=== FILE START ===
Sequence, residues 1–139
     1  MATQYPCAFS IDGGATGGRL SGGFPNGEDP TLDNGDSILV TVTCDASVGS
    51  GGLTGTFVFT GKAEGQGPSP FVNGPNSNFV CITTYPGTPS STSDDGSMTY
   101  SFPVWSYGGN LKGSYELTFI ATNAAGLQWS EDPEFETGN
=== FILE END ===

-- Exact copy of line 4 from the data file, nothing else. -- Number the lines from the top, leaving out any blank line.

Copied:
   101  SFPVWSYGGN LKGSYELTFI ATNAAGLQWS EDPEFETGN